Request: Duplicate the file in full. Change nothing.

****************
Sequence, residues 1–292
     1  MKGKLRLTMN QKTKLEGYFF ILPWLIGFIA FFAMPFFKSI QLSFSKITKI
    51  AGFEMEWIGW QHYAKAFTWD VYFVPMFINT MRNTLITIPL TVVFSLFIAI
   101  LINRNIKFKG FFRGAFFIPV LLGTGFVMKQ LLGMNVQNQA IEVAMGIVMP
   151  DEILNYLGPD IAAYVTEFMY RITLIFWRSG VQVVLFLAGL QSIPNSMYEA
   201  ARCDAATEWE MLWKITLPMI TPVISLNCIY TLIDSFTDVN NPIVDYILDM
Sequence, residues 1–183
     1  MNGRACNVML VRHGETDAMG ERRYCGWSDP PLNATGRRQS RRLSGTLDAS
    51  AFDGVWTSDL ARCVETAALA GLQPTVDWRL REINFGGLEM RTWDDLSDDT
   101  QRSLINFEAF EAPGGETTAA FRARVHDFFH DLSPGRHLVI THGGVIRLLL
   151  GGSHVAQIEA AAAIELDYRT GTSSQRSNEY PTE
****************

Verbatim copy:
Sequence, residues 1–292
     1  MKGKLRLTMN QKTKLEGYFF ILPWLIGFIA FFAMPFFKSI QLSFSKITKI
    51  AGFEMEWIGW QHYAKAFTWD VYFVPMFINT MRNTLITIPL TVVFSLFIAI
   101  LINRNIKFKG FFRGAFFIPV LLGTGFVMKQ LLGMNVQNQA IEVAMGIVMP
   151  DEILNYLGPD IAAYVTEFMY RITLIFWRSG VQVVLFLAGL QSIPNSMYEA
   201  ARCDAATEWE MLWKITLPMI TPVISLNCIY TLIDSFTDVN NPIVDYILDM
Sequence, residues 1–183
     1  MNGRACNVML VRHGETDAMG ERRYCGWSDP PLNATGRRQS RRLSGTLDAS
    51  AFDGVWTSDL ARCVETAALA GLQPTVDWRL REINFGGLEM RTWDDLSDDT
   101  QRSLINFEAF EAPGGETTAA FRARVHDFFH DLSPGRHLVI THGGVIRLLL
   151  GGSHVAQIEA AAAIELDYRT GTSSQRSNEY PTE